Privileged

We live in a world of priviledge. White, Male, Able bodied, and sexual are merely a few. My awareness of my disability became a journey into the cryptic world of truth. This is a part of what has lead me to become a reporter for a local paper. The staff understand that due to my limitations I cannot always “do it” but in turn I understand they have questions about who I am. My questioning mind seeks information out, and I never stop analyzing. This means I also have some very high standards for my social interactions with people. I know what I like, and screw you if you cannot maintain a consistent approach.

Having a diverse friend base, this does at times cause internal friction though I have only told the people I am rejecting to go away. I resort to the screw you if I cannot get through to them with the concept that I am not their friend. This as an adult has occurred with two people repeatedly. Today I told my fiance about a woman, Cynthia McKinney who was kidnapped in a foreign country. He hadn’t heard about this. I admit since we rarely watch the TV this isn’t a surprising factor, though when I mentioned that not many others had, excluding the twitter users and bloggers none bothered to talk about her capture, he was floored.  He then said the most wonderful thing, for it filled my heart with joy that I live with a man who is aware of his privilege. “It’s disgusting. We have these rules, that allow people to do that crap and feel better. It’s a band aid over a slit throat that’s dirty, old, and infected. Sure, we think we’re fine but our body is dying.”

Our body is dying. I think on privilege often. Neither of us can ignore it. As a disabled woman, I run into privilege daily. If I leave the house it is there. Yesterday, I was told just how convenient my wheelchair is because it has a sunshade. In my brand new effort to not be Super Cripple, I said, “Absolutely, I only had to break my spine, become homeless, and develop an allergy to the sun in order to have this convenience. Want me to help you get one? I am sure I can find some way for you to become disabled.” I said it with a smile. The cold knife of sarcasm caused the cashier to falter, she looked down, and then I was invisible. She handed MY change to my fiance. He tried to correct her and pointed to me but she just set it down.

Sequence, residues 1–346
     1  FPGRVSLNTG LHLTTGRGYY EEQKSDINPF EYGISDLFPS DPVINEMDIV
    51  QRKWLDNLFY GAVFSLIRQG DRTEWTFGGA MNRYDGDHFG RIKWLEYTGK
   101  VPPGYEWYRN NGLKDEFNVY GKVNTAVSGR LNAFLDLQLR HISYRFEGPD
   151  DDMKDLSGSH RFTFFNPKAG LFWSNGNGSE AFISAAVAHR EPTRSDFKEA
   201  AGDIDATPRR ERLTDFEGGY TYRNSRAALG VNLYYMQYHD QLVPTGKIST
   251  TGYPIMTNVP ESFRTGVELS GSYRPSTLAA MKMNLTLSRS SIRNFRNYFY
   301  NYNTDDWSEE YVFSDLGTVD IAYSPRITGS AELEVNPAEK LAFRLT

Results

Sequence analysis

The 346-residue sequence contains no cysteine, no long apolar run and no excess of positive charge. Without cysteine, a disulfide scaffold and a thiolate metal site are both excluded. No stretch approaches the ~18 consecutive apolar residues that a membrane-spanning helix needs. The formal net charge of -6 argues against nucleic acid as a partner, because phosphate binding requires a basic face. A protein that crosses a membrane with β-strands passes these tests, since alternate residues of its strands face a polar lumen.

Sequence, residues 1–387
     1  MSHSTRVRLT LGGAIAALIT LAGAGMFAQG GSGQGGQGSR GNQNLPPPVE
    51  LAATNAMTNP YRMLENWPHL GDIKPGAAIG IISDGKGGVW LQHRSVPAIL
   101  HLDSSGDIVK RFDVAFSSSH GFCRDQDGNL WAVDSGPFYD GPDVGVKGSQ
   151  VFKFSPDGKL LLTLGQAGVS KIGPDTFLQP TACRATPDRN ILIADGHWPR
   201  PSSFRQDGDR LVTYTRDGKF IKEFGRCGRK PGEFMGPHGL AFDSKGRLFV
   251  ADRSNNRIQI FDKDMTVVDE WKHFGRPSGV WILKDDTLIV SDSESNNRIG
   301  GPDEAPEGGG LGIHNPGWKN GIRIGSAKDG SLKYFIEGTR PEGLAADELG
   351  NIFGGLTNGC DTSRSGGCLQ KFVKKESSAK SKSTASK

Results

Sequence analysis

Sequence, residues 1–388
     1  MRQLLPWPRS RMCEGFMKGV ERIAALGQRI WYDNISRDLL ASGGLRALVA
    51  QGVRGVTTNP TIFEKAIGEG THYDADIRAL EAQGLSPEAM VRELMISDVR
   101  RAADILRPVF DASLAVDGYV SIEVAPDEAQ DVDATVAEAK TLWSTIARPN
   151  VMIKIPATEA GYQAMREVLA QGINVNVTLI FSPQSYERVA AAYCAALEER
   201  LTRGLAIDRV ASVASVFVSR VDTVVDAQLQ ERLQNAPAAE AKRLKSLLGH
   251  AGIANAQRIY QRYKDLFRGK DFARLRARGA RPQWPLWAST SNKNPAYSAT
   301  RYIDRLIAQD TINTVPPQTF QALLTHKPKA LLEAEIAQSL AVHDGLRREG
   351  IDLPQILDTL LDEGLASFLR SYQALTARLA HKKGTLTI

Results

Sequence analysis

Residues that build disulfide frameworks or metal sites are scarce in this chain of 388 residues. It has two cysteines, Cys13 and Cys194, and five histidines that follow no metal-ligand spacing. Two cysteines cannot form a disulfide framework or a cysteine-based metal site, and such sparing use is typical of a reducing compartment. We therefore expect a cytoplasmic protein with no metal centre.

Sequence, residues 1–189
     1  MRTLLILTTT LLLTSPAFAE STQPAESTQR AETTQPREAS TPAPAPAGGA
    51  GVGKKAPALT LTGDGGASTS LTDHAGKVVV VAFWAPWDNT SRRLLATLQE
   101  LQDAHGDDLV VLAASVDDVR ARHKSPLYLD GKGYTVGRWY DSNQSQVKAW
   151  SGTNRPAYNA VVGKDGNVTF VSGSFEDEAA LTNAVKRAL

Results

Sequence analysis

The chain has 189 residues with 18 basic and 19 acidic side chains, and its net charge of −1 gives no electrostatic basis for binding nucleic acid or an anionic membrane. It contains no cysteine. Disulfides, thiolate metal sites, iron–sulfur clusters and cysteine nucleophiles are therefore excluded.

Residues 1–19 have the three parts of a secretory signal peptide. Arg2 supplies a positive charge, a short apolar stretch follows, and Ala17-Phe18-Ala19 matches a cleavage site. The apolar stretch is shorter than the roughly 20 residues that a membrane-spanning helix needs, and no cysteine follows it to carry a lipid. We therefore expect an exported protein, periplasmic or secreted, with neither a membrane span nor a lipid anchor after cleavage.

i made a choice to use the cutting words, yet this is not the first time that this same cashier has said this. She doesn’t seem to remember that she has done it, and I don’t need to be exposed to her ignorance each time. My fiance and i talked about it before I went home by myself, wanting the sun on my skin and knowing that the side walk was safe between the shopping center and the house.

He asked, “Are you okay?”

I replied with a frown, “Yeah, well no. I am so tired of that same behavior. I think I may write the store manager about it, though the other employees also do the same stuff.” Each time we go in, I have someone leaning on my chair, patting my head, and in general am treated like a child. This is a national chain, and my fiance having worked there knows that Walgreens prides itself on how it’s employees are given sensitivity training. With a higher than average rate of ableism in this store, I think the trainer was flawed.  Every time we go in, I am required to educate someone. It is a burden. I usually just need a cool drink to lower my body temperature so that I don’t faint. I may actually just want to get a candy bar. Why am I forced to deal with their ableism? I cannot do so in silence, or it will get worse, but it is exhausting.

He nodded, “Maybe you should offer to retrain them. For a fee.” I laughed but seriously am considering this. I also plan to detail for the management just how much we buy at their establishment. My fiance is lumped into a new category with me. Each time we are out he is given the pitying look by someone, and often has mostly older persons (yes, an entire generation of people oblivious to privilege exists) whisper to him how nice it is that he takes care of the wheelchair woman. Most actually say “Stupid cripple.”